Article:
I am a Whovian. Having tuned in regularly to Doctor Who since his re-incarnation in 2005 through to the present day and stumbled across many "older doctor" episodes I would like to think I have sufficient knowledge to make a valid decision.
David Tennant was my favourite doctor. Recently he was also voted the nation's favourite Doctor by the Radio Times readership alongside his best companion, Rose Tyler (Billie Piper) and in 2007 his Doctor was named "the coolest character on UK television" . He brought his own twist to the role of the Doctor, after the slightly more serious spin that Christopher Eccleston put on the role; Tennant's Doctor was refreshingly light-hearted but he also had a darker side which was less apparent in other Doctors.
David Tennant had been primed for the role since he was a young boy, a self-proclaimed Doctor Who fanboy. Tennant first put his name to the Doctor Who franchise in 2003 when he took part in a Doctor Who animated webcast entitled the "Scream of Shalka". Tennant was not originally cast for the role, rather he was involved in a production that was taking place in a studio next door but when he discovered what the BBC were up to he sweet-talked his way into the director's heart and landed himself a role as a caretaker. Tennant, still keen to be associated with Doctor Who, took part in a series of small plays which were based on the idea of Doctor Who, although Tennant still hadn't clinched the role of the Doctor in these early days. There were many other Doctor Who-related audio appearances for Tennant before the tenth Doctor came into his own, having been overlooked to play the ninth doctor (although he was definitely considered for it by the BBC). For the Scot, being the Doctor was a childhood dream and he is still as enthusiastic about the series now as he was back then.
If the fact that he has abundant enthusiasm for the show was not enough, then one could point to his wonderful acting skills which meant that he could have played the Doctor with ease without having any previous knowledge of the role. Frequently nominated for "Best Actor" awards (and not just for Doctor Who) no-one can argue that Tennant's acting is anything but exemplary and this is shown in his ability to sustain the same character so well throughout every episode that he was involved in. The speed of his babbles were quite amazing and he was able to represent the Doctor's brain speed consistently because he was so fluent with his lines. For me, the babbles are possibly the most memorable aspect of Tennant's Doctor; he would seem to lose himself in his thoughts as he solved the problems that were presented to him and the odd words that the viewer would hear made for an interesting string of words which (for our ordinary human brains) were hard to link together.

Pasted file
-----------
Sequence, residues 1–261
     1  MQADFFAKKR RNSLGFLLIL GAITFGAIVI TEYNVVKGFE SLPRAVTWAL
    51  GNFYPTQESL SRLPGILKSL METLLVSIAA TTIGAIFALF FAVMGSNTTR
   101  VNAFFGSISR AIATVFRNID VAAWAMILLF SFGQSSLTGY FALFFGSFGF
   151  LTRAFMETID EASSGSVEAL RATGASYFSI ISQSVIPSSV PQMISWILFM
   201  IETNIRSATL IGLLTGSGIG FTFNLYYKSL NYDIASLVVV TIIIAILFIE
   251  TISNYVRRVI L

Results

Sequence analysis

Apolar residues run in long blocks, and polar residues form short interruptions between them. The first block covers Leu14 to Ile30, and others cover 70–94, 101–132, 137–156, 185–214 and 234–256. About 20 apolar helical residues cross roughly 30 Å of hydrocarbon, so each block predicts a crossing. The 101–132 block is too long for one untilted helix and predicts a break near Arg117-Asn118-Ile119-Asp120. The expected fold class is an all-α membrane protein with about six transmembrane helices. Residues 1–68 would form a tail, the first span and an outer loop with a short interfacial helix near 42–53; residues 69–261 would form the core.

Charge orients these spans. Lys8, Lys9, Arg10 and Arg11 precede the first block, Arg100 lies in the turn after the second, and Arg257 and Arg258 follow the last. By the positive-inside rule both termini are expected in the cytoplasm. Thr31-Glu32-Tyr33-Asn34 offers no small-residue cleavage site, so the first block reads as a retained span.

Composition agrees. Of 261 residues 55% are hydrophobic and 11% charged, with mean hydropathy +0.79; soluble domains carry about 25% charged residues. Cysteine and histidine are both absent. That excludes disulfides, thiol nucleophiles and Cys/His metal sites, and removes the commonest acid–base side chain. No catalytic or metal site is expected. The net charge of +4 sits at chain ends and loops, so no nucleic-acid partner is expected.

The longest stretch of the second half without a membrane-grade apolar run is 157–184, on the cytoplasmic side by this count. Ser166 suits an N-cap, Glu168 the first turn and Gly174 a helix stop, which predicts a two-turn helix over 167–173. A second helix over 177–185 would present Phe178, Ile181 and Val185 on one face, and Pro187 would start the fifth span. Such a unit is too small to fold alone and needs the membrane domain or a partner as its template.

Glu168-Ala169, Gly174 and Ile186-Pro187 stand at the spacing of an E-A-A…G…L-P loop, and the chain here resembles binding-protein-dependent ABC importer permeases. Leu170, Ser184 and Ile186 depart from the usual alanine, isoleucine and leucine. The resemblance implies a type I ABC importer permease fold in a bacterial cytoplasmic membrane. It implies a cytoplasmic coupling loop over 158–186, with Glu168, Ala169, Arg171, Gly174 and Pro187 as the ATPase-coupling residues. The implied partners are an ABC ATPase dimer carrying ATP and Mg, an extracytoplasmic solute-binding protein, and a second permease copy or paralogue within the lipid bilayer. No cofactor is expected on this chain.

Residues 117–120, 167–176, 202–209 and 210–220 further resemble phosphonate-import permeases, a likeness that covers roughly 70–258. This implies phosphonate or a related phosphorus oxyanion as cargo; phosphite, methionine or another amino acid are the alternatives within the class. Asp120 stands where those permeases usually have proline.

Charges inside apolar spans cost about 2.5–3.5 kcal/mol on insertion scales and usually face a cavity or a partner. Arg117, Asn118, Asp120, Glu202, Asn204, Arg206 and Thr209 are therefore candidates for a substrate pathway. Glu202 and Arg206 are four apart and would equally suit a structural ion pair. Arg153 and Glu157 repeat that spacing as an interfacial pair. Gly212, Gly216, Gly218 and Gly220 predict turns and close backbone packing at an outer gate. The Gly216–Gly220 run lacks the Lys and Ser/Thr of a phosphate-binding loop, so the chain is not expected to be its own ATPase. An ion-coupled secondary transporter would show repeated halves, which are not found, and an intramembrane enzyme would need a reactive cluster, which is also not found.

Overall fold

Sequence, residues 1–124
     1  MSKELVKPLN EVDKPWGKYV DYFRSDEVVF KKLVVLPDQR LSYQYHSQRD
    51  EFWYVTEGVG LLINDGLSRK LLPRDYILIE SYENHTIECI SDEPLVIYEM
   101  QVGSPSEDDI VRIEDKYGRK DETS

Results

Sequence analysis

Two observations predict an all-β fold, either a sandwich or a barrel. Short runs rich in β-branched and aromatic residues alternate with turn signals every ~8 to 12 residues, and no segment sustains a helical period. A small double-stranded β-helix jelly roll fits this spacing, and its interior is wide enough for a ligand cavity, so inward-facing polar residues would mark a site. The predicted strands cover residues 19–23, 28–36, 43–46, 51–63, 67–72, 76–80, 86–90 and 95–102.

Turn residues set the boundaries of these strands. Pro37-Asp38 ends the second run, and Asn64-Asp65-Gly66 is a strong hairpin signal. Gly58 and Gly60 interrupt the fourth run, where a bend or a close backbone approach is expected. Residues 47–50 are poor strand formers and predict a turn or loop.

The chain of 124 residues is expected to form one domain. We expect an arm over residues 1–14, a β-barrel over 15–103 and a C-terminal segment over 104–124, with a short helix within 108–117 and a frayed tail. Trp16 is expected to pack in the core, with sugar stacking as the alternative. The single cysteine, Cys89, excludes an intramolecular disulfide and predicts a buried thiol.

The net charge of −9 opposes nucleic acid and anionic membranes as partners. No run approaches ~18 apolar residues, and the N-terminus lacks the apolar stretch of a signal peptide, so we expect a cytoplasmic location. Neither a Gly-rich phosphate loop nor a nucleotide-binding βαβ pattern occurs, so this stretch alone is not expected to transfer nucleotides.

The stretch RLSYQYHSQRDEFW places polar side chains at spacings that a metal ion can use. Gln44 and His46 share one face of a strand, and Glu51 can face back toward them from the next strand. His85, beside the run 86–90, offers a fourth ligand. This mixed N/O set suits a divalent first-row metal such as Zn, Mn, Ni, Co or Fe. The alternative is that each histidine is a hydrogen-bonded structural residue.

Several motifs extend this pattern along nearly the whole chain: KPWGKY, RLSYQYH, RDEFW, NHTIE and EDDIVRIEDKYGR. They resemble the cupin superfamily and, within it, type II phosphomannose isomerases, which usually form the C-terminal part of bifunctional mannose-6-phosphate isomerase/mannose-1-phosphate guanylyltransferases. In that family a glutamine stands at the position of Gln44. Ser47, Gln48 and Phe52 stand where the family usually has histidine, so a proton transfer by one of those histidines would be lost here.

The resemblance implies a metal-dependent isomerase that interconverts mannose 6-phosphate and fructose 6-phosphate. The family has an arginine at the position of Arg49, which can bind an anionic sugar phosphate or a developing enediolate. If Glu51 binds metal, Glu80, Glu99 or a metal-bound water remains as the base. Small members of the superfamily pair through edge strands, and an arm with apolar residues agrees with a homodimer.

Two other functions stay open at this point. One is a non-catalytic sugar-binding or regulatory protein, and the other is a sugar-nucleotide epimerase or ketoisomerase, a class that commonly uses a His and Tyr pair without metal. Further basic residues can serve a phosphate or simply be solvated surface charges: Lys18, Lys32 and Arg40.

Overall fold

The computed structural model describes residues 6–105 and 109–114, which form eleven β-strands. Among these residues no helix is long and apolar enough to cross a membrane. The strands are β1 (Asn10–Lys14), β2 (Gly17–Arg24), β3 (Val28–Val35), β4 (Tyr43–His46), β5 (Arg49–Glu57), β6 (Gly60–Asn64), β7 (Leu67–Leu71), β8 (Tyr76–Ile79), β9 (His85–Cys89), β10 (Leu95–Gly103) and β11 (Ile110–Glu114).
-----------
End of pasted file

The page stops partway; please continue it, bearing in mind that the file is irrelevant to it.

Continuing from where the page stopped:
It was not just confusing for us as viewers but also for his companions (of whom I think he also had the best), who had to try to keep up with his fast pace. Rose Tyler is the most obvious companion who comes to mind; although she originally was the Ninth Doctor's companion, the chemistry between her and Tennant was a lot better. Then there was Martha, who was not one of my favourites as I found her backstory rather lacking, but when we came to Donna Noble (Catherine Tate) I immediately loved her. Tate's complete lack of knowledge about the Whovian world did not detract from her character; it almost helped her portray her character's amazement on their travels. Noble and Ten were the funniest combination in my opinion, great writing, as well as Tate's natural comic ability, made for fantastic chemistry rivalled only perhaps by Amy and Eleven.
Obviously without Eccleston's base to build on, Tennant would not have thrived and I would accept that Eccleston was the right choice for the Doctor's revival, but he lacked the spark and twinkle of Tennant which made his episodes slower and, in some cases, less exciting. On the other hand ,Matt Smith does have the speed and wit which is very similar to Tennant , but his serious acting leaves more to be desired and for me it is slightly less heartfelt when Smith is serious. His Doctor is naturally happy and I almost miss the darker element to the show, although I do enjoy his slightly more childish approach to the Doctor.
I am unbelievably excited for tomorrow. It will be the first time Tennant has played the Doctor in three years - I cannot wait to see him back in his most iconic role and I'm particularly interested in how the Tenth and Eleventh Doctor will interact on screen. Fulfilling his final wishes in 2010, he didn't want to go and now he's coming back.
It promises to be a very special episode.
See Tim Bustin's profile of the Ninth Doctor (Christopher Eccleston) and Ruth Richmond's profile of
the Fourth Doctor (Tom Baker); Mark Richardson sees parallels between the Doctor and JFK.